receipt of your communication dated at Fort Smith, Ark., the 12th instant,informing me that you have been sent by the Government of the Confederate States of America to take command of the district embracing the Indian Territory and to guard it from invasion by the people of the North.
For the expression of your friendship be pleased to accept my heartfelt thanks and the assurance that I cherish none other than a similar sentiment for yourself and people; am also gratified to be informed that you will not interfere with any of our rights and wishes unless circumstances compel you to do so, nor violate or molest our neutrality without good cause.
In regard to the pending conflict between the United States and the Confederate States I have already signified my purpose to take no part in it whatever, and have admonished the Cherokee people to pursue the same course. The determination to that course was the result of consideration of law and policy and seeing no reason to doubt its propriety, I shall adhere to it in good faith, and hope that the Cherokee people will not fail to follow my example. I have not been able to see any reason why the Cherokee Nation should take any other course, for it seems to me to be dictated by their treaties and sanctioned by wisdom and humanity. It ought not give ground for complaint to either side,and should cause our right to be respected by both. Our country and institutions are our own. However small the one or humble the others, they are as sacred and valuable to us as are those of your own populous and wealthy State to yourself and your people. We have done nothing to bring about the conflict in which you are engaged with your own people, and I am that my people shall become its victims. I am determined to do no act that shall furnish any pretext to either of the contending parties to overrun our country and destroy our rights. If we are destined to be overwhelmed, it shall not be through any agency of mine. The United States are pledged not to disturb us in our rights, nor can we suppose for a moment that your Government will do it,as the avowed principle upon which it is struggling for an acknowledged existence is the rights of the States and freedom from outside interference.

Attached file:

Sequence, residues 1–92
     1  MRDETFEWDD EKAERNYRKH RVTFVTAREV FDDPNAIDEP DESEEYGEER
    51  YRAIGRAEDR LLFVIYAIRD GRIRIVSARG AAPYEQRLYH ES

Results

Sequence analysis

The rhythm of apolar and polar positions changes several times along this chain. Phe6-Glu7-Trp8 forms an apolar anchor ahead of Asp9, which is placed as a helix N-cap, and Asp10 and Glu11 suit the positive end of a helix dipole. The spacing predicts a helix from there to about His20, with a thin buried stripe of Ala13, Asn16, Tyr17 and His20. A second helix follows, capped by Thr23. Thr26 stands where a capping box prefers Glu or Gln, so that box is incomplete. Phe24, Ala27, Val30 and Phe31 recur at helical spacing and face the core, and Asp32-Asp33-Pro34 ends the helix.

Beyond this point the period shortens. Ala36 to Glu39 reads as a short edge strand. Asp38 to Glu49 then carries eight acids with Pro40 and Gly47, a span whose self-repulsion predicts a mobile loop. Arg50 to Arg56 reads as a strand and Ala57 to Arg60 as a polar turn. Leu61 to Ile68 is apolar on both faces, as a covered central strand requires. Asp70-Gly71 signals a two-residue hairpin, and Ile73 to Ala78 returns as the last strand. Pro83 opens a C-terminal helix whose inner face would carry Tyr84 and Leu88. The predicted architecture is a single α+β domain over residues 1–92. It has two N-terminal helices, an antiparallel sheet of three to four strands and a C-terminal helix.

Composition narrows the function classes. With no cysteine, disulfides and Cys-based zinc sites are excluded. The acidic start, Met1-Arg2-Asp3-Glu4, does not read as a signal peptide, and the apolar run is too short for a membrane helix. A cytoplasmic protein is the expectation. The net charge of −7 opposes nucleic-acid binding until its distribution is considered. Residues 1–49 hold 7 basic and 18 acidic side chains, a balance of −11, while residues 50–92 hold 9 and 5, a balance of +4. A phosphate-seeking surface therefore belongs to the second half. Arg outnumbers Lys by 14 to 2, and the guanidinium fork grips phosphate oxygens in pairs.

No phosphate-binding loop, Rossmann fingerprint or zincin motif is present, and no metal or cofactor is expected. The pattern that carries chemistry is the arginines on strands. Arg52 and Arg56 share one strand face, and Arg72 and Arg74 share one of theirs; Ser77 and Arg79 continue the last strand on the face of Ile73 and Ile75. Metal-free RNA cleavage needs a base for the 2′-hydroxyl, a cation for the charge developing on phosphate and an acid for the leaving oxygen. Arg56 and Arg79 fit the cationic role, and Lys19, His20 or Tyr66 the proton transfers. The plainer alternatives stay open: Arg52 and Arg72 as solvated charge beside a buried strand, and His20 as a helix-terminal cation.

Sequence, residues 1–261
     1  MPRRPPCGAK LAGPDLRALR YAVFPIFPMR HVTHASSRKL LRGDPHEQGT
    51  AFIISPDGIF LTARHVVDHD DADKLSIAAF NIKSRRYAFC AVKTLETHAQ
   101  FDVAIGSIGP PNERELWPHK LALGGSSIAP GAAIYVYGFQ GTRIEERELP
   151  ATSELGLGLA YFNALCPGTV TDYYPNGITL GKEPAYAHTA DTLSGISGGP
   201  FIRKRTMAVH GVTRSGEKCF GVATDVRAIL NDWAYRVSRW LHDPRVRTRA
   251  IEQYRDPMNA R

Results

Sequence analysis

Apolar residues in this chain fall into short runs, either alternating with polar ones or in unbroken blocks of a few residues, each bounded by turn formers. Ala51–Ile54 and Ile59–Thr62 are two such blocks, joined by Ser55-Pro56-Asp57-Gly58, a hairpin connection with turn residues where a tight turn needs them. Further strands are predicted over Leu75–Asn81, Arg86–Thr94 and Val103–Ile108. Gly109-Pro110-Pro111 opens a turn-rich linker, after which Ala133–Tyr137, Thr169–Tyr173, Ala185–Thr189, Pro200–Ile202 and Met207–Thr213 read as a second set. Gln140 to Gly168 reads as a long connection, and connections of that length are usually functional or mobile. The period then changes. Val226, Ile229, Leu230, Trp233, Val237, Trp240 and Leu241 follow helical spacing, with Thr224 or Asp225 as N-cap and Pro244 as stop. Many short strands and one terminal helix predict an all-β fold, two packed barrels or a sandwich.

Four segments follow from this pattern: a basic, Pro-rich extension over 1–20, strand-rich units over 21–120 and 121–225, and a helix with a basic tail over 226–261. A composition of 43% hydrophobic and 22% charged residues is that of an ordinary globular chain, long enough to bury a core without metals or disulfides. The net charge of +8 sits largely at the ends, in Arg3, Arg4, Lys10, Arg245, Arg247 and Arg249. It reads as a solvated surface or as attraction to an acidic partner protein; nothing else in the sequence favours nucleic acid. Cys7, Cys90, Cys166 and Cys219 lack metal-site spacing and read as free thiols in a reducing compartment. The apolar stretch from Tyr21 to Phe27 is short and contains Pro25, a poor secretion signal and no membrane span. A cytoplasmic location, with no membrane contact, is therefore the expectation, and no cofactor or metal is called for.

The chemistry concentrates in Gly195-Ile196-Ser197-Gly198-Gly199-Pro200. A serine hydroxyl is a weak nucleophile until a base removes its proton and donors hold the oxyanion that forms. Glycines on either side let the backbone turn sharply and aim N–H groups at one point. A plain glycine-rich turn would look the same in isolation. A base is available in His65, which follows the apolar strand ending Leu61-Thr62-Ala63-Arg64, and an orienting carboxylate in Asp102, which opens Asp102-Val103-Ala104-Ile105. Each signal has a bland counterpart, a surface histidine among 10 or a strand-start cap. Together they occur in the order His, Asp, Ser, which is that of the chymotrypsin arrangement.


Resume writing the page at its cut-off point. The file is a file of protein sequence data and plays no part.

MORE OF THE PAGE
The Cherokee people and Government have given every assurance in their power of their sympathy and friendship for the people of Arkansas and of other Confederate States, unless it be in not voluntarily assuming an attitude of hostility toward the Government of the United States, with whom their treaties exist and from whom they are not experiencing any new burdens or exactions. That I cannot advise them to do, and hope that their good faith in adhering to the requirements of their treaties and of their friendship for all the whites will be manifested by strict observance of the neutrality enjoined.
Your demand that those people of the nation who are in favor of joining the Confederacy be allowed to organize into military companies as home guards for the purpose of defending themselves in case of invasion from the North is most respectfully declined. I cannot give my consent to any such organization for very obvious reasons:
1st. It would be a palpable violation of my position as a neutral.
2nd. It will place in our midst organized companies not authorized by our laws, but in violation of treaty,and who would soon become efficient instruments in stirring up domestic strife and creating internal difficulties among the Cherokee people.
As in this connection you have misapprehended a remark which I made in conversation at our interview some eight or ten days ago, I